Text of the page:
If Augustine were to offer his own thoughts on what an Augustinian university should be like, he might suggest these themes and values:
Villanova University aspires to be a truly Augustinian institution and accordingly acknowledges that “nothing is to be preferred to the search for truth,” 1 as its members dedicate themselves to a journey of living lives of interiority and conversion. 2
Both Augustine’s personal life and his spiritual teaching are dominated by a continual call to interiority. He contends that it is “inside one’s self” where truth is found,4 and that only in reflection and silence is understanding achieved. 5
Humility is the root of true charity. It calls us to accept the sacred in ourselves and others. It allows us to recognize that we are human, to accept our place in reality neither making oneself more nor less than what one actually is, and to love all things, but in an appropriate way. 9
Learning, “cultivation of the mind,” in the Augustinian context, is to be understood as more than the pursuit of “academic excellence” or of knowledge for its own sake, but more appropriately as the pursuit of wisdom, the capacity to understand one’s self, others and the world in light of the Ultimate reality. This pursuit of wisdom coincides with the search for Truth for which every person longs. 14
Honesty and humility characterize “disciplined conversation” between faculty and student, during which students develop confidence in their abilities to reason and to assert for themselves discovered truth. The intended outcome is less dependence on the teacher’s “authority” but greater appreciation for “truth,” both discovered and revealed during principled and collaborative inquiry. 15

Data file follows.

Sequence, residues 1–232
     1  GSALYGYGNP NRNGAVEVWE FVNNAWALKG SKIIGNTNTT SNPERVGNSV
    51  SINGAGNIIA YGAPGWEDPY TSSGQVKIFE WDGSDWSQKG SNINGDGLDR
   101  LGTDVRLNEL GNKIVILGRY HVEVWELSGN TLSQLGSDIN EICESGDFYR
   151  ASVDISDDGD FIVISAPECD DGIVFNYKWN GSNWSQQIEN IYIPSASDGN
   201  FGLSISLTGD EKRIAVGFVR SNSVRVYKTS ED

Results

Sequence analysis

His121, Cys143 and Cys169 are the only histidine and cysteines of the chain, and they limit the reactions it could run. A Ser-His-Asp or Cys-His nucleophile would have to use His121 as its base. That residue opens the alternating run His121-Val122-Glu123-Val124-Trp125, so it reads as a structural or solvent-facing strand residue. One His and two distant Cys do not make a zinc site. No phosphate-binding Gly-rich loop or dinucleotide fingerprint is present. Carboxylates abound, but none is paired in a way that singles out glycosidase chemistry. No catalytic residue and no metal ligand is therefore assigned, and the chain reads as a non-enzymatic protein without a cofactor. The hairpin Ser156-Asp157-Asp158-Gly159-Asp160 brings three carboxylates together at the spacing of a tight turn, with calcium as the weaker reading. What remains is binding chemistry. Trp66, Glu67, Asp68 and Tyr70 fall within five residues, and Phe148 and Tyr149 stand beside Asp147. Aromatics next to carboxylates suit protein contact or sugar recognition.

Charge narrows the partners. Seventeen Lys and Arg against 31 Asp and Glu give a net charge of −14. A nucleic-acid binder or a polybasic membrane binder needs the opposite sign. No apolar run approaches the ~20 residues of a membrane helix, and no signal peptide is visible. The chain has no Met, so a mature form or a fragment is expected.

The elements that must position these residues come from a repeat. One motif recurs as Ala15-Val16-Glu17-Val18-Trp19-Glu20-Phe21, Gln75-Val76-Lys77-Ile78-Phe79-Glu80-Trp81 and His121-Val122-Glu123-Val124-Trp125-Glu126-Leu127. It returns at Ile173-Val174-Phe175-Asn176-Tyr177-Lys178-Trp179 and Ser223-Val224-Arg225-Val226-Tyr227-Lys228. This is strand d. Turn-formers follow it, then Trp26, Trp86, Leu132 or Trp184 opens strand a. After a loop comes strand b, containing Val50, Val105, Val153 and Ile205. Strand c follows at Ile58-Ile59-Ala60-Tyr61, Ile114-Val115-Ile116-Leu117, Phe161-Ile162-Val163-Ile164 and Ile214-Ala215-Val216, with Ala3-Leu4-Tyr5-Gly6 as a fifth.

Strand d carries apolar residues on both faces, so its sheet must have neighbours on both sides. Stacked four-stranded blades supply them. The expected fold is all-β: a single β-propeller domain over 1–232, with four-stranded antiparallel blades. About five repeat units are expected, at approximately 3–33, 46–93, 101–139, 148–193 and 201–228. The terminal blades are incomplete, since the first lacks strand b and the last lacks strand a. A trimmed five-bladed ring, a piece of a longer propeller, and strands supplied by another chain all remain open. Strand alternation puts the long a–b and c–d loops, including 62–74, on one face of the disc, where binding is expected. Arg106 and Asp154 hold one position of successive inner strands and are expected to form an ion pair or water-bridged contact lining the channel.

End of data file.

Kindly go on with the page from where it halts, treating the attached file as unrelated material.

The academic community acknowledges belief in God as reasonable, places each discipline in conversation with the Catholic intellectual tradition, and creates an environment “where being a faithful Catholic is taken seriously as an intelligent and morally responsible option for contemporary people.” 16
In the Augustinian model, faculty and students form an egalitarian learning community, pursuing goals as “friends, brothers, sisters, sharing with others what they have or gain, and receiving what God has given or will give” to each. 17
“An Augustinian community is a place where the search for truth takes place in a climate of love and friendship, where one can experience that the ‘truth is neither yours nor mine, so that it can belong to the both of us.” 18
In an Augustinian community, the purpose of life is to search for God, the Ultimate truth, not alone, but among friends,19 who are committed to the same journey. In such a community “love is at the center and the heart” of every act and interaction,20 and respect for each person, as children of God, is primary.
Members strive to live in harmony - in a quest for union of mind and heart,21 to mutual concern for and assistance to each other in every way possible, including fraternal correction, in a spirit of love and understanding. 22
Members look upon their work as an expression of one’s human nature, not as a burden, but in cooperation with the Creator in shaping the world and serving humankind.
Always conscious of the virtues of honesty, integrity, and compassion as fundamental to the Christian way of life,23 members seek in every effort to work for unity, making justice and peace, the fruits of love, a reality in the Church and in the world. 24